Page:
CULLEN: Well, I gotta be honest, you know, I was sitting next to Frank Welker, and I got to the point where I said, “Hey Frank, where are you?” He says, “On page three,” and I said, “I’m on 17, I’m getting whacked!” He said, “What?!” [mimics flipping through pages] “And I don’t come back!” He said, “No way,” and I said, “Yeah, no way. Gee wiz!” So, I didn’t really care after that. I didn’t care. “That’s it, on to another show, on to another job. I don’t know what it’s gonna be, doesn’t matter.”
That’s what show business is, especially in voiceover, because you do more than three voices, you get paid for one, and you have to do three, and if you do four, you have to get paid an extra. So we always wanted to do four. Of course, Frank, he’d do eight voices, and he had this huge house [laughs] So, it’s how many series you did. Back in those days, we did a ton of series. It’s not like today. Back in those days, you had to do multiple voices, but a lot of the kids today, they only can do one voice, a lot of them, and some of them do it at home, and they get paid a fortune! I think we got paid $123 a show back in the day, and we’d have to do three characters. Then the reruns, they’d rerun up until 10, and the prices would come down, down, down, down, down. So, you had to do volume in those days. You had to do a lot to break it, to get into it, to get there, you know, and get a couple of hit shows before you didn’t have to buy a used car. But today, wow, the avenues are huge. I mean, look at all the outlets. Wow. Yeah, for a kid today, God bless them, you know. Wow. Good luck, and hats off to them, you know?
AUDIENCE MEMBER: You’re still the best!
CULLEN: Thank you, thank you.
You touched on it a little bit with the animated movie, getting knocked off on page 17, but I think the producers did not realize how popular Optimus was and what the character meant to so many people because when I was researching, prepping to talk to you, I read how many kids were leaving the theater crying. So I’m curious, was it that movie that you realized, “Oh wait, this character is very popular?”
CULLEN: I didn’t know. There was no thermometer back in those days, there was no internet, there was nothing where people could send in their feelings, and fanmail we never received, we never got it, it never went to us personally. So, we had no thermometers to judge that. And, you know, the first thing, honestly, I said was, “Who the hell did I” — politely — “…annoy? What did I do?” You look at yourself, and then you say, forget it, you know, go on to the next audition, and you get it behind you.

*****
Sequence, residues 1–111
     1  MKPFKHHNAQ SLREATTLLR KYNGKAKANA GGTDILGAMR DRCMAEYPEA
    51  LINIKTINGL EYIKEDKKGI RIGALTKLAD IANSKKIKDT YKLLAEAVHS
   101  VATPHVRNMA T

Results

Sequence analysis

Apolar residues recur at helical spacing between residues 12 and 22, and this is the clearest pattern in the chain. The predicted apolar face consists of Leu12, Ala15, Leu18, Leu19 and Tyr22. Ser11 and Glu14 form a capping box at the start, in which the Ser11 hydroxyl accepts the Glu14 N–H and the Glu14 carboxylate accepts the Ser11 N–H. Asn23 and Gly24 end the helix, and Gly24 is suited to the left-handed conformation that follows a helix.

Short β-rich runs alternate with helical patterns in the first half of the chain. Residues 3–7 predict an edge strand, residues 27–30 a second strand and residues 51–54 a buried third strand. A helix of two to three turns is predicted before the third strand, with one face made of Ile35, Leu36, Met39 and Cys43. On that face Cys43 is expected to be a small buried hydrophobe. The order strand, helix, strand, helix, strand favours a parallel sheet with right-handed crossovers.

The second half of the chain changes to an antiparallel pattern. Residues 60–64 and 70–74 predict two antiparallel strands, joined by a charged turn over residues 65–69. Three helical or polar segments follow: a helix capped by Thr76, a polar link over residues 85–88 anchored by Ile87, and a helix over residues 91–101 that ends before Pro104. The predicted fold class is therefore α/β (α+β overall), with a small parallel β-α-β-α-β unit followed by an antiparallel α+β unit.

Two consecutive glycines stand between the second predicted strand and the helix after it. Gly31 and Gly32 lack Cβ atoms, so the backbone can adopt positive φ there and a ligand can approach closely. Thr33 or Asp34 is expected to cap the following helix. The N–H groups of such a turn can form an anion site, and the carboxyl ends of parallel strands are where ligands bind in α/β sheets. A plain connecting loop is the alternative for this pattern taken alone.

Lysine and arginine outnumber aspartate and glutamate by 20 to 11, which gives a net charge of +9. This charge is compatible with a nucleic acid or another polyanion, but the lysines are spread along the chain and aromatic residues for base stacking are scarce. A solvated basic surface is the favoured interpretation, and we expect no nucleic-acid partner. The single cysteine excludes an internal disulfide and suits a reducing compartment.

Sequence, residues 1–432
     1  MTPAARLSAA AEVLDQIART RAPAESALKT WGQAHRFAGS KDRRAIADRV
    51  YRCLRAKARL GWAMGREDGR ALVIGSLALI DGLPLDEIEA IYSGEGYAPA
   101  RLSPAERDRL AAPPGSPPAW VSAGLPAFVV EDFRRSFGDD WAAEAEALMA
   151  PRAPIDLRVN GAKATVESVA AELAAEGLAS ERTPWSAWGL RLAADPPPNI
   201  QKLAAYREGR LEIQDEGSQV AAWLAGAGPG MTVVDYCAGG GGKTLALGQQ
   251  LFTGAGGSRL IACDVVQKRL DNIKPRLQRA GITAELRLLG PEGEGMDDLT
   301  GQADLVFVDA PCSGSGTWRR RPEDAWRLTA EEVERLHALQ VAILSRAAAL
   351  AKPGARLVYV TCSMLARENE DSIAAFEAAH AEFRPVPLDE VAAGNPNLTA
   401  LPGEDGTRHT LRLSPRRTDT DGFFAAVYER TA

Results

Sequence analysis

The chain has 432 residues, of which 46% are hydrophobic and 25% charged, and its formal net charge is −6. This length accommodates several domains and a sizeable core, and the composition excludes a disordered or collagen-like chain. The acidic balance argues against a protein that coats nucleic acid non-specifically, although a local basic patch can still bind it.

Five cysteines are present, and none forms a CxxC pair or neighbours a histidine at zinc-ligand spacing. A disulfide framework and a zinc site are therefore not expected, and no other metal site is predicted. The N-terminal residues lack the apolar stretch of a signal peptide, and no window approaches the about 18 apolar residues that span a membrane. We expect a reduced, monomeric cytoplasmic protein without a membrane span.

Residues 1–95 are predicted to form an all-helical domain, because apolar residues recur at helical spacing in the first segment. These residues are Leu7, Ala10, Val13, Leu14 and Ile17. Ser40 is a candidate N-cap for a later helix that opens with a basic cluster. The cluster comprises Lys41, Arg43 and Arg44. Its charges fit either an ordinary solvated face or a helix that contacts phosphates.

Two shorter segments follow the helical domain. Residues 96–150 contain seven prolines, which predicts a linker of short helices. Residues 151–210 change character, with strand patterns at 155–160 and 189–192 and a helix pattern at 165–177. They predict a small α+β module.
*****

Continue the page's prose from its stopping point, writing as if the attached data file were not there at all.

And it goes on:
One of the things about Rise the Beasts, which is what everyone just saw, is that Steven Caple, your director, was a fan since he was a kid, and I would imagine that excitement must have come in when he was recording with you and directing you in the booth. So talk a little bit about working with someone who’s a huge fan and who’s now the director.
CULLEN: What a pleasure. I mean, what a pleasure. I guess it’s the first time in my life where I ever worked with a director that knew who I was and appreciated me for it. So, I mean, I loved going to work. When they called me, I couldn’t wait to get there, and he’s such a great guy and so talented. I enjoy him immensely, and I’m sure he’s gonna have an incredible career.
He’s gonna land on his feet. I definitely want to know, you just saw the movie the other night, is it still a thrill for you? What is your feeling when you’re going into a theater to watch Optimus for the first time in a new movie, knowing everyone thinks of you as the character because you are the character? What is it like watching it?
CULLEN: Very self-conscious. I’m self-conscious here, too, because I can’t really see you guys out there. The lights are so bright. [Laughs] Somebody just gave me the finger, I swear to God.
[Laughs] That is not true!
CULLEN: Oh! Oh, I see five! That was close. So, no, I’m very aware of it, and you know, it’s important to me. How can you avoid not feeling the power of it all, you know? I mean, how many people go to a premiere where you’re isolated as perhaps one of the key roles in it? But it’s a humbling feeling. It’s very humbling and nerve-wracking, and a long way from home, you know?
For sure. For people that want to do what you’re doing, is there any advice you want to give them about how to do voices, what you learned, or anything you want to pass on to another generation of people that are so inspired by your work?
CULLEN: Well, thanks. That’s a good question too. I think you have to listen to people that tell you you’re really good at something, and you should try out, or try to do that, or if you’re an athlete, or whatever. I mean, if you feel it yourself, you should get out and stick with it. Do it, because, believe me, if you work at it, you will become successful eventually. No matter what it is, it’s like working a muscle, the more you work it, the bigger it gets. And, if you do something you love, that’s what I tell kids, if you find something you love to do, do it, stick with it, and you’ll never work a day in your life. You love it, it’s just a holiday.
Transformers: Rise of the Beasts is in theaters now. Check out Collider’s interview with Peter Dinklage.